Voter turnout was also a likely factor leading to Spratt's loss. Although South Carolina's Fifth District is almost one-third African American — a demographic that votes reliably Democratic — Spratt this year didn't have the advantage of sharing the ticket with Barack ObamaBarack Hussein ObamaBiden teams to meet with Trump administration agencies Biden says he'd meet with Trump 'if he asked' Biden-Harris ticket the first in US history to surpass 80 million votes MORE

In some districts, the Democrats' legislative records seemed to make little difference in voters' minds. Rep. Gene Taylor (D-Miss.), for instance, has opposed most of his party's legislative priorities; he's the only Democrat to sign the Republican petition to repeal healthcare reform; and he voted for McCain for president in 2008, rather than Obama. 

No matter. The 11-term Blue Dog — who won his 2008 contest with 75 percent of the vote — was defeated Tuesday by GOP state Rep. Steven Palazzo.

Rep. Rick Boucher was also ousted Tuesday. The 14-term Democrat representing Virginia's coal country was haunted on the campaign trail for last year's vote in favor of climate change legislation — a proposal wildly unpopular with the coal industry.

There were others.

Rep. Paul Kanjorski (D-Pa.) is a 13-term lawmaker and the second-ranking Democrat on the Financial Services Committee. He lost to Lou BarlettaLouis (Lou) James Barletta10 bellwether counties that could signal where the election is headed Bottom Line Ex-GOP congressman to lead group to protect Italian products from tariffs MORE, Republican mayor of Hazelton, Pa., who's built a reputation for being tough on illegal immigration.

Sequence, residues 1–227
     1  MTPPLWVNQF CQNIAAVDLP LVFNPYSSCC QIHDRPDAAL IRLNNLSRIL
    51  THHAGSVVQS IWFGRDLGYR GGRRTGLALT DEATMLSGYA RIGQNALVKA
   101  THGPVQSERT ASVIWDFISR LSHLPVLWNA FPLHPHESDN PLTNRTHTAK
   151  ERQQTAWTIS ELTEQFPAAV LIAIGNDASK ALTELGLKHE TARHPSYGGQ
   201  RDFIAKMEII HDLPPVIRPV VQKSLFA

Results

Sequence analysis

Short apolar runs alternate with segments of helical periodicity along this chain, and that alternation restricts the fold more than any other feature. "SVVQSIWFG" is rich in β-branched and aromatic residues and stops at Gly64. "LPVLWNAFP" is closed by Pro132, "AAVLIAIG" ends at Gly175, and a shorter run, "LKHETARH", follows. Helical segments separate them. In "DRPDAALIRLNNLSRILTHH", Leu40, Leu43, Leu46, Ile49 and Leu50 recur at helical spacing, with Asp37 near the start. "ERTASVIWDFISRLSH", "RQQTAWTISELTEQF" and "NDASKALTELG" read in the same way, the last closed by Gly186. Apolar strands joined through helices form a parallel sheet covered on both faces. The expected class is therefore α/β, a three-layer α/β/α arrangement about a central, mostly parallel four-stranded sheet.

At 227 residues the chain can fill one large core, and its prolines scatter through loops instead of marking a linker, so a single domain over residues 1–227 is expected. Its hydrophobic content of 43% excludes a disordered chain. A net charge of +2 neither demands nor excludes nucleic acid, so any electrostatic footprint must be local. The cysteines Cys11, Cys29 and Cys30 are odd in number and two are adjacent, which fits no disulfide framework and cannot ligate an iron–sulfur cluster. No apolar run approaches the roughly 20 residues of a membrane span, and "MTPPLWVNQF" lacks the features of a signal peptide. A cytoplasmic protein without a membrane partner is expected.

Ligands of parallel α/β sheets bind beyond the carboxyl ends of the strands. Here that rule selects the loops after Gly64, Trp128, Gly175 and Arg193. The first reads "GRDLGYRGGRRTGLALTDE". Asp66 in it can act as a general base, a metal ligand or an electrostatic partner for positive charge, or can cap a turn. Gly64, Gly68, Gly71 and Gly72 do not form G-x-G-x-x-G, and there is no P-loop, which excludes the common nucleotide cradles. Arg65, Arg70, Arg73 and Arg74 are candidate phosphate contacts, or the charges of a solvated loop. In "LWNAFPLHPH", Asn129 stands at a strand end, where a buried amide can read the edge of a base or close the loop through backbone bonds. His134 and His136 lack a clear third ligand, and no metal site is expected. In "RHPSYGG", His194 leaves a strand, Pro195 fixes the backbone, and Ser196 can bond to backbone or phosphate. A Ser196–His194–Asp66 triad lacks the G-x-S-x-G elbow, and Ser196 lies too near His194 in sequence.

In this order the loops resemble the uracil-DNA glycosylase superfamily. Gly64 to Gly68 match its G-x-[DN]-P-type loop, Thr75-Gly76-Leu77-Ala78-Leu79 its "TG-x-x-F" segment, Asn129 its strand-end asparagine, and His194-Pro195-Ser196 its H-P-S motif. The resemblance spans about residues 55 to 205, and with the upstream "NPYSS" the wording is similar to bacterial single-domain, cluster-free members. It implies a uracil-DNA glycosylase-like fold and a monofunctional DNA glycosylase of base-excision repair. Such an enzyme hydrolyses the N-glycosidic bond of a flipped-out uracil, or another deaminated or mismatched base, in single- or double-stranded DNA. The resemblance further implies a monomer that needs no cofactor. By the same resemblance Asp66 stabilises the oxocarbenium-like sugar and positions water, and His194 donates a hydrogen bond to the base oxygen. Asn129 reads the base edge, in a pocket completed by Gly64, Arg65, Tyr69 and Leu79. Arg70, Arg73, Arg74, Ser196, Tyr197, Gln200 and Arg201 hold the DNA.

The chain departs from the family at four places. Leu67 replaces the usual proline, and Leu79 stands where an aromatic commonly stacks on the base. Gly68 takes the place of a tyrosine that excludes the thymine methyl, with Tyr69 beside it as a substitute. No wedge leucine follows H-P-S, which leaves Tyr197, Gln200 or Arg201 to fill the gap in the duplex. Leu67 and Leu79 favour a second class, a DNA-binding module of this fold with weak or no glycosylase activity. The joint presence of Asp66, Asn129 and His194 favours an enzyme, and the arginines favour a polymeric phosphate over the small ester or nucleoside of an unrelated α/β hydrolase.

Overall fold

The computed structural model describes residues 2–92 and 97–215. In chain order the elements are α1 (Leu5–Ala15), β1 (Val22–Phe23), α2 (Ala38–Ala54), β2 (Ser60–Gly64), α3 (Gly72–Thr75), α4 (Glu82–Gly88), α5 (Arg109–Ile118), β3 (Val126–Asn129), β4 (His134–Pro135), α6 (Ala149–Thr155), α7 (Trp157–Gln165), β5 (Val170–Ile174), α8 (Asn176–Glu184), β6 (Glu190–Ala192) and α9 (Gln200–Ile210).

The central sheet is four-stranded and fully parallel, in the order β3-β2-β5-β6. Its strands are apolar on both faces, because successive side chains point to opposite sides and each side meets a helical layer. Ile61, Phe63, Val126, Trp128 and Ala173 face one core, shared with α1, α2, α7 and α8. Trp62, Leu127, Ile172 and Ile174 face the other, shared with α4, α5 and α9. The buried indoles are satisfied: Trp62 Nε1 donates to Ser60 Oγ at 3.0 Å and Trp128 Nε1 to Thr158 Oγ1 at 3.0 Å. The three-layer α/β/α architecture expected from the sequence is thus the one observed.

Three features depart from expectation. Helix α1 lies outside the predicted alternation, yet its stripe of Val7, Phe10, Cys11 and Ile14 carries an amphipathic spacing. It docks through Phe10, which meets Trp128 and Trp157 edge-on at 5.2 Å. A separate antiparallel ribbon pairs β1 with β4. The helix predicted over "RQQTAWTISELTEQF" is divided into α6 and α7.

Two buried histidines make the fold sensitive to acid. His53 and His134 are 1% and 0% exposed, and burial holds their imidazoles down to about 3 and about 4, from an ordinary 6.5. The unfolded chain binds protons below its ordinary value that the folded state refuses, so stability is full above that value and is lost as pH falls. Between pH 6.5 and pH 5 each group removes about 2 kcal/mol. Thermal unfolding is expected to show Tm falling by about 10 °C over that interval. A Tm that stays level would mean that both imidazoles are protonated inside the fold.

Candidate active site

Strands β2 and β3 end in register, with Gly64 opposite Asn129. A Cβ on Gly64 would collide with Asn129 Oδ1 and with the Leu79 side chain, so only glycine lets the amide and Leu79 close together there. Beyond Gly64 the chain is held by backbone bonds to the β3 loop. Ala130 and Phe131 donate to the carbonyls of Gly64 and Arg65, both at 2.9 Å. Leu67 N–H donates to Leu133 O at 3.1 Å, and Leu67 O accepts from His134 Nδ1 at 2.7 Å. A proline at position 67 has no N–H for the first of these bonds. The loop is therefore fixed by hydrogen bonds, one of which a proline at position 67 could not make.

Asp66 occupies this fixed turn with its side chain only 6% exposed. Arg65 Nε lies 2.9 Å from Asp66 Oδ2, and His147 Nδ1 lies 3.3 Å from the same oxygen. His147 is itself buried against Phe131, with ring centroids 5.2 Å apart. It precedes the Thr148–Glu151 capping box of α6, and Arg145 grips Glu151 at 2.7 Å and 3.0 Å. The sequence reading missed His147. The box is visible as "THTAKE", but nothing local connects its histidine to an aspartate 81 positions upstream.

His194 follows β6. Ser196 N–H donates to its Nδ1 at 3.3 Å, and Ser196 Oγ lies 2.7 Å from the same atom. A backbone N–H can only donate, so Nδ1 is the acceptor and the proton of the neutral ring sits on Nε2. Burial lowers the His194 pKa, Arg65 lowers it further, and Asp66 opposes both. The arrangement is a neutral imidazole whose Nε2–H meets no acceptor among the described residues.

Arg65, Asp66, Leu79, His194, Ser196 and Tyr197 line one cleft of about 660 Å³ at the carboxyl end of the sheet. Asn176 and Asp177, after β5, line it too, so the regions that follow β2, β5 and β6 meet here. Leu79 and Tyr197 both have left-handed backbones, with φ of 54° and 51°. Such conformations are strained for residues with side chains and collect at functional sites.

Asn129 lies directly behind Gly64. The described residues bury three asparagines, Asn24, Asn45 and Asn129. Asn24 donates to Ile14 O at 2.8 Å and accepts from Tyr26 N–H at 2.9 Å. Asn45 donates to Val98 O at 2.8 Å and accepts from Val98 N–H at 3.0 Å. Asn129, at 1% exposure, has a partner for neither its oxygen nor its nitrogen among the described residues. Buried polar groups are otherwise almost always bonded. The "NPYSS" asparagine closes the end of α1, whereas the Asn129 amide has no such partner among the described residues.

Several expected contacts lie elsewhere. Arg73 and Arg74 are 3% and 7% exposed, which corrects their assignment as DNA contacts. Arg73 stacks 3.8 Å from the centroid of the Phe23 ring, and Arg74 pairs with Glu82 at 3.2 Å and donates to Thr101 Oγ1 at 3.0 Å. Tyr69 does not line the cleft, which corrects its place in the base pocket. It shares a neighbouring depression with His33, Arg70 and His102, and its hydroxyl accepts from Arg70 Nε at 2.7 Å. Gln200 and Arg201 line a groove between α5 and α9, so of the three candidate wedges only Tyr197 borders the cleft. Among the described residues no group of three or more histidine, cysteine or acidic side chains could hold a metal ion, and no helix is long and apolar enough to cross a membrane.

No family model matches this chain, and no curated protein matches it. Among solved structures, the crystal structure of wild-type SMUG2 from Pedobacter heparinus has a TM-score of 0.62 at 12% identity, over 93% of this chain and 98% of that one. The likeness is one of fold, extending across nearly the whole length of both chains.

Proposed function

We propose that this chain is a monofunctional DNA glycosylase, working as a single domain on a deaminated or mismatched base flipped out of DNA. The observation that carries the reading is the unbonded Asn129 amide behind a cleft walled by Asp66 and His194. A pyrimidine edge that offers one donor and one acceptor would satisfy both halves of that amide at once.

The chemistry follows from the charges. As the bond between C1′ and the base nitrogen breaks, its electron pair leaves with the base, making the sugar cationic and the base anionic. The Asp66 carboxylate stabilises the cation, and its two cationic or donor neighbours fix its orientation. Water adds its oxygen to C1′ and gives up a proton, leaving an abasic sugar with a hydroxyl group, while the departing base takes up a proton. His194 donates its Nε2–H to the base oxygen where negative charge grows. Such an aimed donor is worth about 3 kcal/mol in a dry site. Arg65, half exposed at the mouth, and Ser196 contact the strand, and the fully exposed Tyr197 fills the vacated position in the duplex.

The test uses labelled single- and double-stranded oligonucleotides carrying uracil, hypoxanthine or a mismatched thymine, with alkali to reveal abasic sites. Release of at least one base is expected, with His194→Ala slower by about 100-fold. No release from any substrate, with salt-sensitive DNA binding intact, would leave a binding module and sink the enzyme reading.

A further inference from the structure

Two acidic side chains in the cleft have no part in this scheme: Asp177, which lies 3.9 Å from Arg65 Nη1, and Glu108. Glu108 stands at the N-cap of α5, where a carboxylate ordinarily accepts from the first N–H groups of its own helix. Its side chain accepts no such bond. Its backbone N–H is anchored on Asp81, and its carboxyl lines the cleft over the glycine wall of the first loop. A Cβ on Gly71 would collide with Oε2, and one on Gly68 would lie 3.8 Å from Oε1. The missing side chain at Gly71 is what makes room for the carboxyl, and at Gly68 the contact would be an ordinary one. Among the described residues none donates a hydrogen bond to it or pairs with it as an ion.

Yet another casualty of the pendulum shift was Rep. Chet Edwards, a 10-term Texas Democrat who ranks 13th among members of the coveted Appropriations Committee. On the campaign trail, Edwards touted his opposition to the Democrats' health reform and climate change bills — to no avail.  

Rep. Earl Pomeroy (D-N.D.) also fell victim to the GOP wave. The nine-term Blue Dog was defeated by GOP state legislator Rick Berg, marking the first time in 30 years that a Republican will hold North Dakota's lone House seat. 

Pomeroy, the chairman of the Ways and Means subcommittee on Social Security, was dogged by his support for the health reform bill, and late efforts to distance himself from Obama and other liberal party leaders failed to convince voters of his independence. 

Republican leaders were quick to point to Tuesday's returns as "a repudiation" of the Democrat's policies — and a vindication of the GOP's obstructionism of the past two years. 

“Across the country right now, we are witnessing a repudiation of Washington; a repudiation of big government; and a repudiation of politicians who refuse to listen to the people,” said House Minority Leader John BoehnerJohn Andrew BoehnerPrinciples to unify America Feehery: A possible House Speaker conundrum for Democrats Obama on bipartisanship: 'There is a way to reach out and not be a sap' MORE (R-Ohio), who's slated to take over as Speaker next year. “We hope President Obama will now respect the will of the people, change course, and commit to making the changes they are demanding.”